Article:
The GOP nominee for Michigan governor, Tudor Dixon, signaled she agrees with the falsehood that Trump won the 2020 election, raising her hand at a primary debate when asked if candidates believe it was stolen, though she didn't bring it up at the Trump rally Saturday.
A Trafalgar Poll released last week found Dixon is trailing Gov. Gretchen Whitmer by about 5 points. No poll in the state has shown Dixon leading in the past month.
The unfounded belief that the election was stolen — "that's why so many people are here now, and we expect to get [Trump] back. There's a lot of Christians like myself here, and we're praying that [Trump] gets back in here in 2024," Brown, the retired communications worker said as she waited in line for the rally. She said she'd like to hear GOP candidates say more about the 2020 election and "election integrity," too, a sentiment shared by other rallygoers.
Michigan pollster Steve Mitchell says most Michigan GOP voters think Mr. Biden "is an illegally elected president."
"If you're going to run as a Republican and you find yourself denying that, you're not going to get support from Republicans," Mitchell said.
The source of their belief in this is Trump. "The voters believe him," Mitchell said. "There's nothing that anyone can do to dissuade them from the fact that the election was not indeed stolen in Michigan."
Ronald Dwyer, who's running for Oakland County commissioner, is the rare GOP candidate in the state who isn't sure there was enough fraud to turn the election against Trump, but he still thinks it's time to move on.
"We're halfway through the current term; we just got to move forward," he said.
A CBS News poll in September found that 63% of Republicans believe there was "widespread fraud" in the 2020 election, primarily in Democratic and urban areas. Another poll found that if they lose midterm elections, 64% of Republicans said they should accept the results and look to 2024, while the remainder said they should challenge places where Democrats won.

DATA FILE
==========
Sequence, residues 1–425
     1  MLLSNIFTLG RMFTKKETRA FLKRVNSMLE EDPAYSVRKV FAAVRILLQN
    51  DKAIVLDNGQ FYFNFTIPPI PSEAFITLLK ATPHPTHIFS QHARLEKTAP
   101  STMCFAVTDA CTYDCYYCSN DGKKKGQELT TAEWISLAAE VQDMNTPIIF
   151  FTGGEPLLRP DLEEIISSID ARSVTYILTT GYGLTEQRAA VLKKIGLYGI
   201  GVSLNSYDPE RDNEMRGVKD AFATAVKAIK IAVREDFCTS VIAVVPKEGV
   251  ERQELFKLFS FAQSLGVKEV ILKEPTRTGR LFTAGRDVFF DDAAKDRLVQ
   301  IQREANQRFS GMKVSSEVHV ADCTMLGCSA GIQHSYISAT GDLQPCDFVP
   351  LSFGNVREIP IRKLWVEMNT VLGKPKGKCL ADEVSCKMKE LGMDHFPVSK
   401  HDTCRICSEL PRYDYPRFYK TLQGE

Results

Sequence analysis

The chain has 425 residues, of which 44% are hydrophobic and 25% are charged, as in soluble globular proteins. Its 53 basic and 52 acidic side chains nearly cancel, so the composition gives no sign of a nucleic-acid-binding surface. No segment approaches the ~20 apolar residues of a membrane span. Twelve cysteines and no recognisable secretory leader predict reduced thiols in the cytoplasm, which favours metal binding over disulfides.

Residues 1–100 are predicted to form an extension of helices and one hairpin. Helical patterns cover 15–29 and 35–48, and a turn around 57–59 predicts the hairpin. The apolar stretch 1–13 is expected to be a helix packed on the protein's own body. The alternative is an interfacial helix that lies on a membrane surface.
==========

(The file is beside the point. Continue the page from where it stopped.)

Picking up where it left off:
Who controls the statewide positions in Michigan and other battleground states could play an outsized role when it comes to certifying the winner of the next presidential election, in 2024.
Whitmer, who was taunted by chants of "Lock her up!" from a GOP-heavy crowd Saturday, has argued she's the "last line of defense" against what she characterizes as GOP efforts to weaken democracy, according to Bridge Michigan.
Carl Marlinga, the Democratic nominee for Michigan's 10th District, said a central reason for his campaign is to help ensure Michigan Democrats are the majority in the congressional delegation — in case the Electoral College results are tied in 2024 and the state's congressional delegations become the final arbiters of the presidential election.
"I want to be there in January of 2025– I want to be at least one of the 435 to say whatever the reality is, whether it's a Democrat or a Republican, I want to make sure the real winner gets certified," he said.
While Trump says he doesn't think there will ever be a "fair election" again, he's hoping the candidates he supports this November will pass more restrictive election laws.
"Everywhere the Republican party has a chance, we must pass critical election integrity reforms," he said.
The Michigan GOP-led Legislature is already trying to do this. In 2021, the state senate introduced 39 election-related bills — to require photo IDs to vote and others to curb access to absentee ballot applications, according to the Detroit Free Press. Whitmer has vetoed several of these bills, calling them part of a "a coordinated, national attack on voting rights that is designed to undermine confidence in our election system."
In Michigan's August primary, the number of absentee ballots issued and returned was nearly double the amount in 2018, after the state dropped its requirement for voters to have an excuse in order to obtain a mail ballot. Last Thursday, Michigan began making absentee ballots available to be picked up.